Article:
The GPS Week-Number Roll-Over problem

Note: The use of the term "GPS" in this document refers to the US-operated NavStar/GPS Global Navigation Satellite System (GNSS). Other GNSSs, such as GLONASS, Galileo or BeiDou, are not affected by the problem described in this article.

Background information

Although the GPS system can be used to determine the date and time with extreme accuracy, the GPS satellite constellation does not actually transmit the full date to GPS receivers. Instead, a ten-bit value called "Week Number" is transmitted every thirty seconds, as part of each subframe of the "Navigation Message". It is the responsibility of the receiver to calculate the date from this value. (The time within the week is transmitted as the number of seconds since midnight on Saturday/Sunday.)

GPS week zero started at the beginning of 00:00:00 UTC on January the 6th, 1980. A ten-bit field can only hold 1024 different values so this system was never going to last forever. Indeed, week 1023 was first reached on August the 15th, 1999. The following week, the GPS satellites populated the Week Number field with a value of zero. (Because GPS time does not recognise leap-seconds, the "roll-over" from week 1023 to week zero actually took place at the end of 23:59:47 UTC on August the 21st.)

The next roll-over will occur on April the 6th, 2019, when the Week Number field will again change from 1023 to zero.

Historic problems

Manufacturers of GPS receivers must each choose a way to determine the correct date from the GPS Week Number. If the chosen method fails, the announced date will be 1024 weeks - about 19.7 years - in the past or, possibly, the future. One common method uses the date of the version of the firmware as a hint, which works well if the receiver is new or regularly updated. A significant problem with this method arises when the firmware is not updated: the receiver can start producing incorrect dates at the 1024-week anniversary of the firmware date. This means that problems can actually appear at any time, irrespective of the actual roll-over date.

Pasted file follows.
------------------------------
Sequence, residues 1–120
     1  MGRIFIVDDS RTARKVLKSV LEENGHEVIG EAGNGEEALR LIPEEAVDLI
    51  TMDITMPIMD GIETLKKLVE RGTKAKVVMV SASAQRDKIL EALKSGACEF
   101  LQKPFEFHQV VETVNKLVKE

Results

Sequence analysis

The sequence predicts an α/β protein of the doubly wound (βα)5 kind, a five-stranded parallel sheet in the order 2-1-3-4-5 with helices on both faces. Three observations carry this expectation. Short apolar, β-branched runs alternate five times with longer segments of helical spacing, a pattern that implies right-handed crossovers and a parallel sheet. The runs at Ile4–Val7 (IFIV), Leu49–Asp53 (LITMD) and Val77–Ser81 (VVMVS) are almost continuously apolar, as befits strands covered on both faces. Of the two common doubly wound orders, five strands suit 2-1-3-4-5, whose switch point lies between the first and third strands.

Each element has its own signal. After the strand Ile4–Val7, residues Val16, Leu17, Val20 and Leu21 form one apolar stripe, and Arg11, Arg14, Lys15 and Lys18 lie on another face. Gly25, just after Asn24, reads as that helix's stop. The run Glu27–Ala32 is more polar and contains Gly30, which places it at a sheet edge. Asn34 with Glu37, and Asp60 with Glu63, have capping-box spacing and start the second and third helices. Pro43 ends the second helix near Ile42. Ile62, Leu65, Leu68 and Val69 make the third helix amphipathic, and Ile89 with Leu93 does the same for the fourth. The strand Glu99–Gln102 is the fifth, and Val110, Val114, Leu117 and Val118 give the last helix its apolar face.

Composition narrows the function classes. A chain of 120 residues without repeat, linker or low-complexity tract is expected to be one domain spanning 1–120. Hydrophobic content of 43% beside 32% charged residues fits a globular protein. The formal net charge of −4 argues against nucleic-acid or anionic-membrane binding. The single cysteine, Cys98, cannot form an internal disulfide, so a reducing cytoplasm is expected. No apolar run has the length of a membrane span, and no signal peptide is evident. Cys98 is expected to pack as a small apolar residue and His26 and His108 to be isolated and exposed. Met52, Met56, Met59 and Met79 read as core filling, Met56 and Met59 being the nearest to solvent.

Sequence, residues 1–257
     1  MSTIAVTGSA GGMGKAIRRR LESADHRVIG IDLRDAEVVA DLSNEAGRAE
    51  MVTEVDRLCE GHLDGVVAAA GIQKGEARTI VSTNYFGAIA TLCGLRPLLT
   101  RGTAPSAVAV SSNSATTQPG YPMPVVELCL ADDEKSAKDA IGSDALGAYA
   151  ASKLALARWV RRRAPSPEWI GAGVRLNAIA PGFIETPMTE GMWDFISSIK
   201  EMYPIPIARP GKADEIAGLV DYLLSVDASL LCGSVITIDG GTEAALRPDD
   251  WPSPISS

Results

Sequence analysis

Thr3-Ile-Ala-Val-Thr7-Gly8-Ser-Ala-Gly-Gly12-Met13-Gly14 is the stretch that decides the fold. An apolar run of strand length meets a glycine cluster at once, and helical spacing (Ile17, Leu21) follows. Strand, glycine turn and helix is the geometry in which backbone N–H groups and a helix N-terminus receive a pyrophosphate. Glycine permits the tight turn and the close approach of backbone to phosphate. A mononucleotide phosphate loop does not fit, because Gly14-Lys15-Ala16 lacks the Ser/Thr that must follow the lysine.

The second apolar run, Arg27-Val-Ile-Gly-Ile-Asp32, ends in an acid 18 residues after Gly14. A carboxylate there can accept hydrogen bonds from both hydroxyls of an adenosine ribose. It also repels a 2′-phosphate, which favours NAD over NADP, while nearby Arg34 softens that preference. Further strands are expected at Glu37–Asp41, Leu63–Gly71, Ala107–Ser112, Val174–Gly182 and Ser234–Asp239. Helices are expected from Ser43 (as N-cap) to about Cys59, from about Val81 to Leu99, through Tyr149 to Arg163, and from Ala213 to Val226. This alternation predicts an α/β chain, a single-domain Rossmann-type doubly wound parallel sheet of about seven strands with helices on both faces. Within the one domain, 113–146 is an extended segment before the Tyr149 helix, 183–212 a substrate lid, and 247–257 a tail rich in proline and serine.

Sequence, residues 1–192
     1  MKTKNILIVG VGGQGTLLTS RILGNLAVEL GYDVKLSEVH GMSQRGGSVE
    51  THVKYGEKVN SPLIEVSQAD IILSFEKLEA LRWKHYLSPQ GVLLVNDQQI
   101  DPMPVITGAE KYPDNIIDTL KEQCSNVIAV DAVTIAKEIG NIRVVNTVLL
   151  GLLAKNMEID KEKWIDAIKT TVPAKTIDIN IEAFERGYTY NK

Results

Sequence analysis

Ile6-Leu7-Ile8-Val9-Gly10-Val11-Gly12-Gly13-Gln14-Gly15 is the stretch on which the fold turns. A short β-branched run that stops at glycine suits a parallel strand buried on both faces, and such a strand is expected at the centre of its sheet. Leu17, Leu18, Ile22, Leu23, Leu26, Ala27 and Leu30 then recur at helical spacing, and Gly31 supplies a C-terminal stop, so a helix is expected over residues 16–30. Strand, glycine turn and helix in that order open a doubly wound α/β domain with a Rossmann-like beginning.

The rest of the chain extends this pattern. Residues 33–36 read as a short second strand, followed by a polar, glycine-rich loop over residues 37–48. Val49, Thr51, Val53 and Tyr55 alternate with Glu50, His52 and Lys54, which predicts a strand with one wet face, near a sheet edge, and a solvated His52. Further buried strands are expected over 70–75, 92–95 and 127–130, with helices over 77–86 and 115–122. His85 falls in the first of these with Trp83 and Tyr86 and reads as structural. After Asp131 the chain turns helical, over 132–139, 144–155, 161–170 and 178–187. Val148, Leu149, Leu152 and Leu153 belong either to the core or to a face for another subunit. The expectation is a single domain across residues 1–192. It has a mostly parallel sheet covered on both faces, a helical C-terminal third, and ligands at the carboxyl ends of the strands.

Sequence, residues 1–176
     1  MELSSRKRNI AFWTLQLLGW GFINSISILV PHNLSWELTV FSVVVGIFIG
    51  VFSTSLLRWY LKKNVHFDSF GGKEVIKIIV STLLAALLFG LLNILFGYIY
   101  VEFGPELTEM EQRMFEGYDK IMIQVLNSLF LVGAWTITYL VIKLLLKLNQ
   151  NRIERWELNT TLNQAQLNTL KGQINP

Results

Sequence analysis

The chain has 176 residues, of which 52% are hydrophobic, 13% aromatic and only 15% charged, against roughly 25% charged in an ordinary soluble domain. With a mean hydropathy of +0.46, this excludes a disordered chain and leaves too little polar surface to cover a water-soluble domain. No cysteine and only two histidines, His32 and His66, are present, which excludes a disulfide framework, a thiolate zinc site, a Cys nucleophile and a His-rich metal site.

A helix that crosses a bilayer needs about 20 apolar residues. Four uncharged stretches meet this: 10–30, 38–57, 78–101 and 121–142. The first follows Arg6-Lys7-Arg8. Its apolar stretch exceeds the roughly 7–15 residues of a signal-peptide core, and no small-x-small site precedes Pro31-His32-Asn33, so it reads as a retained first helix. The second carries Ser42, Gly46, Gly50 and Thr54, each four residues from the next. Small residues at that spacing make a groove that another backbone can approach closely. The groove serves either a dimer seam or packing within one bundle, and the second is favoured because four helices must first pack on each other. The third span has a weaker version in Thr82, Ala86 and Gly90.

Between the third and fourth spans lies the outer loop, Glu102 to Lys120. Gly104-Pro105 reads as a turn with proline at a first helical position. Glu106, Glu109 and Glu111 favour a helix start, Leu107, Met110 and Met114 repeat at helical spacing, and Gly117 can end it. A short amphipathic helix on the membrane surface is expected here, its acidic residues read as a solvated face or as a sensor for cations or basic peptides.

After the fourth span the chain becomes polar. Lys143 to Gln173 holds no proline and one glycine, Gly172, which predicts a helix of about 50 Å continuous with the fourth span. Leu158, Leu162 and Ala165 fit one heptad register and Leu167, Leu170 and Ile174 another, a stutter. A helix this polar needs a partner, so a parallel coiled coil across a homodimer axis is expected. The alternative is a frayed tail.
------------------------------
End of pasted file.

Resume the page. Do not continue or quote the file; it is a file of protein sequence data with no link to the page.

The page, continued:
The receivers use the calculated date, along with the information about which satellites will be visible at any particular time and date (the GPS almanac), to calculate which satellites should be in view so, if the date is miscalculated, the performance of the receiver may also decrease dramatically.

Many significant problems were reported after the 1999 roll-over and this became known as the GPS "week-number roll-over" or "WNRO" problem. Many manufacturers had to update their receiver firmware but, fortunately, this means that there are likely to be far fewer problems at the second roll-over in 2019.

Güralp equipment

Güralp digitsers have always used self-contained GPS receiver modules. This means that week-number processing has always happened in the receiver rather than in the digitiser. For this reason, none of our digitisers will be affected by the problem, provided that they are used with a conforming GPS receiver.

Güralp have used a number of different GPS receiver modules over the last 25 years. The current modules are manufactured by uBlox and there is a very clear statement on their user forum regarding this issue:

"there won't be any effects at the 2nd weeknumber roll over in 2019". (link)

Previous Güralp GPS receiver modules used Trimble's "Lassen" modules: first the SQ, adopted in September 2003, and, later, the IQ. The Lassen manual states that one version of their firmware

"would experience ... several seconds of position outages"
(It goes on to say that this bug was fixed in later firmware.) The DM24 is designed to be sceptical of any sudden time-changes and will wait at least two minutes before acting on any such change. The symptom, as described, should not affect the operation of Güralp digitsers.

As in all such cases, Güralp continually monitor the situation and, if any issues do arise, we will respond with updates for supported products as fast as possible.

Further Information

If you would like any more information about GPS WNRO or if you have any concerns about your deployed equipment, please contact This email address is being protected from spambots. You need JavaScript enabled to view it. .

Satellite image courtesy of USAF -, Public Domain, Link

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